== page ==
FEATURE ARTICLE by Robert Schulslaper
Flutophilia: A Conversation with Samantha Chang
Samantha Chang loves to play and perform on the flute and she wants everyone to share her enthusiasm for her instrument She’s also an entrepreneurial spirit adept at initiating and running a plethora of music-related enterprises. She’s energetic—she’d have to be—outgoing, and still only in her early 20s.
Q: Although most professional musicians start playing at an early age, you didn’t take up the flute until you were 13.
A: I was focused on the visual arts before I began to study music seriously. I used to be obsessed with the works of Leonardo da Vinci and Michelangelo and spent countless hours on anatomical studies. In my spare time I would draw cartoons on my walls, which my parents did not appreciate. I’m actually glad I spent so much time earlier on in visual arts as it really ties in with music and helps me paint a better picture for the mood I’m trying to create whenever I perform.
In addition to my interest in the visual arts, I wanted to be President someday, so when I was older I studied commerce at the University of Toronto, Trinity College; however after three years I realized I couldn’t live without music, so I started to research where I could go for a degree. (Before that I’d only studied flute privately.) The moment I realized music was the most important thing for me was when I started to wake up every day at 5 a.m. to practice flute, but refused to even consider rolling out of bed to finish an essay.
Q: What was it about the flute that appealed to you?
A: I wanted to sit with my friends in school and they all played flute, so it seemed the most logical choice at the time!
Q: Are your parents musical?
A: No, my parents are unfortunately tone deaf. I still remember people snickering at my dad when he sang the national anthem during the Canadian citizenship ceremony. People thought he was making fun of the anthem but honestly, he just couldn’t tell how low/high and loud/soft he was. My mom thinks she’s better, but I give her points for effort.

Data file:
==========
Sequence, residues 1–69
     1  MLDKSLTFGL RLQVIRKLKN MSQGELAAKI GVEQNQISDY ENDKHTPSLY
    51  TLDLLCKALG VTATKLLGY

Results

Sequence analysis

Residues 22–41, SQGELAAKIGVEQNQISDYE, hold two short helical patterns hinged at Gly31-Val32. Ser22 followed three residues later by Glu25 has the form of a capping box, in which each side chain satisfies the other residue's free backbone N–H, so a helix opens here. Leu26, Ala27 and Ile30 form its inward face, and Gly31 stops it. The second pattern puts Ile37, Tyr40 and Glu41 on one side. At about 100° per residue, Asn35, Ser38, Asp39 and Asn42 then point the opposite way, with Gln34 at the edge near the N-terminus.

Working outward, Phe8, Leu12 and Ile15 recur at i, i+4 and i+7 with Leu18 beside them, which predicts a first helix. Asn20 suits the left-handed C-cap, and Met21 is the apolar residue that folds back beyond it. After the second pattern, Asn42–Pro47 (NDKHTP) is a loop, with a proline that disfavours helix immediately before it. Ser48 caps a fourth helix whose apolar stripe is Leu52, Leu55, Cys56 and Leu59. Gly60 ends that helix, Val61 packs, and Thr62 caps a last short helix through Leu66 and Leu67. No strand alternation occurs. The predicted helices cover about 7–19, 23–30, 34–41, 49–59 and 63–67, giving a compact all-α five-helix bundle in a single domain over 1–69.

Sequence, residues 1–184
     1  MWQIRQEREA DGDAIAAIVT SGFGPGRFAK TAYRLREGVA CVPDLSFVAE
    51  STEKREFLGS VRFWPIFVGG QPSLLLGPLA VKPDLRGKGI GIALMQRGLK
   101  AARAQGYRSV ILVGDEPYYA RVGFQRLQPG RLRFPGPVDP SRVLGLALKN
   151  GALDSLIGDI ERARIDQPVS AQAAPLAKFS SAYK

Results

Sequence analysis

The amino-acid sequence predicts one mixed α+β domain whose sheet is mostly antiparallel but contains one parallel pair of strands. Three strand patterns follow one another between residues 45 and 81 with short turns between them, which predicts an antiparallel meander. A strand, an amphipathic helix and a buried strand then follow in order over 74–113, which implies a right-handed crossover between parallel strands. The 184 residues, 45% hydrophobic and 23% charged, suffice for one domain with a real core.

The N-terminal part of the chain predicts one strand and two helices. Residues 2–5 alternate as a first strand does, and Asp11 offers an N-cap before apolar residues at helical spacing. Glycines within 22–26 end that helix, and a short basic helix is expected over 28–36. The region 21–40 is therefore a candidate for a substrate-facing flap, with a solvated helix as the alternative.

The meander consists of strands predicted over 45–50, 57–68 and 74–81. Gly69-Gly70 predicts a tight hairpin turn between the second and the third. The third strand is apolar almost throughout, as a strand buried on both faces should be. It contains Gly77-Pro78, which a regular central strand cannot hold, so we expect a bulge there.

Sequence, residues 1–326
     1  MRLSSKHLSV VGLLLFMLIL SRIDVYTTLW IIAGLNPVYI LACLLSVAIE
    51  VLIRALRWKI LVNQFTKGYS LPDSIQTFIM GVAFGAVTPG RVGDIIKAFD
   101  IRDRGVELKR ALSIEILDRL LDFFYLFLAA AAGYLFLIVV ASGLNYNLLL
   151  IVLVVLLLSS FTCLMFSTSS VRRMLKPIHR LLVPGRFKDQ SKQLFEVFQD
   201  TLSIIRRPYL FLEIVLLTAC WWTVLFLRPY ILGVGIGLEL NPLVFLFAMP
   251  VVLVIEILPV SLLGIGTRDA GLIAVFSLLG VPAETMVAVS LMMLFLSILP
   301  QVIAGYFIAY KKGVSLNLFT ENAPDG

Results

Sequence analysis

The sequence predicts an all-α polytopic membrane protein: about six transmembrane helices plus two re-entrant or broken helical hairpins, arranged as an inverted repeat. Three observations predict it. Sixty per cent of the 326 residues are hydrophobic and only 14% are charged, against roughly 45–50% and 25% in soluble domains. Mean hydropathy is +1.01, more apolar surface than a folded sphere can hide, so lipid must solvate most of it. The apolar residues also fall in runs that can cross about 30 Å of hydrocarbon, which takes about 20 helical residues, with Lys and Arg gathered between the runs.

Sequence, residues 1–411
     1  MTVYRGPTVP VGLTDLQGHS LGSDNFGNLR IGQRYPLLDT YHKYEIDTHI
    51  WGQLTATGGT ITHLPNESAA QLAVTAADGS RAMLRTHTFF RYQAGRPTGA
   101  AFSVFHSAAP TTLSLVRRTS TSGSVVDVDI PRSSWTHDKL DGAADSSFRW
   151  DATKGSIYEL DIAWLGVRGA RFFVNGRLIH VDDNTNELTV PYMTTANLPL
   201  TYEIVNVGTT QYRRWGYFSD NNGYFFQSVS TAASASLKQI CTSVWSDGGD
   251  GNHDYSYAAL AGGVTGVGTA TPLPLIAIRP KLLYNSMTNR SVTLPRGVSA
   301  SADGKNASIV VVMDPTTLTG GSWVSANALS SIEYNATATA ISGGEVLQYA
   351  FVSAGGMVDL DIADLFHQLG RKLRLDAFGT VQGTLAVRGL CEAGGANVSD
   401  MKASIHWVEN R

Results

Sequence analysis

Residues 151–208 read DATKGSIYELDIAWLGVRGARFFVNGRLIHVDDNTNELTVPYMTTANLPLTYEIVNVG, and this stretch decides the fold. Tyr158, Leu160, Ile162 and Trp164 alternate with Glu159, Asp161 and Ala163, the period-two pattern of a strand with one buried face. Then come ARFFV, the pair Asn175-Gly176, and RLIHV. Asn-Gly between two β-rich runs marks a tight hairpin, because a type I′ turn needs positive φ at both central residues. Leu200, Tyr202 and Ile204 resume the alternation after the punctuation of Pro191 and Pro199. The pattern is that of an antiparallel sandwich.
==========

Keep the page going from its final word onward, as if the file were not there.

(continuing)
Q: With whom did you study?
A: My first teacher was Mizi Tan. He was a brilliant teacher and encouraged me to listen and watch others, not just flutists but all instrumentalists. He was also instrumental in helping me realize that musicians need to be generous and open-hearted, and he allowed me to study with many other teachers with no hard feelings. He had a very original approach. For example, I couldn’t double-tongue to save my life, nor thought it necessary. After a whole year of failed attempts at double-tonguing, he said that he would switch me to another teacher. He realized that scolding and prodding didn’t work with me, but I adored my teacher so much that within a week I mastered the art of double-tonguing.
It was the same thing when I first started to learn music. Because I couldn’t read music, nor could I remember fingerings on the flute (tuba players were even making fun of me), my ingenious teacher decided to use reverse psychology on me. He said that since I started so late there was no way I could ever catch up to others in the class so there was no point in trying. I was furious and started to work harder than ever. As we speak, I’m in the process of organizing a concert featuring his major compositions. It’s a large event with more than 120 performers—orchestra, choir, vocal soloists, Peking opera soloist, solo violinist, solo flutists, chamber ensembles, and Chinese dizi soloist. This has always been a dream of my teacher’s and I wanted to help him achieve it. Coincidentally, Mizi Tan is the same age as my dad. This is the best present I could think of giving him after all his years of putting up with me.
Q: Besides Mizi Tan, who were some of your principal teachers?
A: I’ve had a lot of teachers, and they’ve all been so helpful that I’d like to say a few words about each of them.
Margot Rydall was my Grade 10 RCM [Royal Conservatory of Music] examiner. I loved her critique so much, and my teacher Mr. Tan agreed, so I found her phone number and began studying with her. She opened my eyes to even more flute teachers out there including William Bennett and Peter Lloyd, and it was because of her that these great teachers were willing to teach me. Peter Lloyd is one of the kindest souls and musicians I have ever met. William Bennett was so much fun in class, we spent more time talking about art and literature then actually playing. Plus his daughter is one of my favorite writers. The first time I went to his house, I laughed at him and asked why he would buy five copies of the same book; boy, was I embarrassed when he said it was written by his daughter, Vanora Bennett. We share a love for Quentin Blake and I remember spending countless hours sitting on the floor staring at the illustrations on his fridge and rummaging through his bookcases.
Susan Hoeppner was someone I played for in a master class back in high school, and later I realized that I had a few of her CDs and decided to approach her for lessons. She’s a very open and friendly flutist who taught me even more about stage presence and being exact in my playing.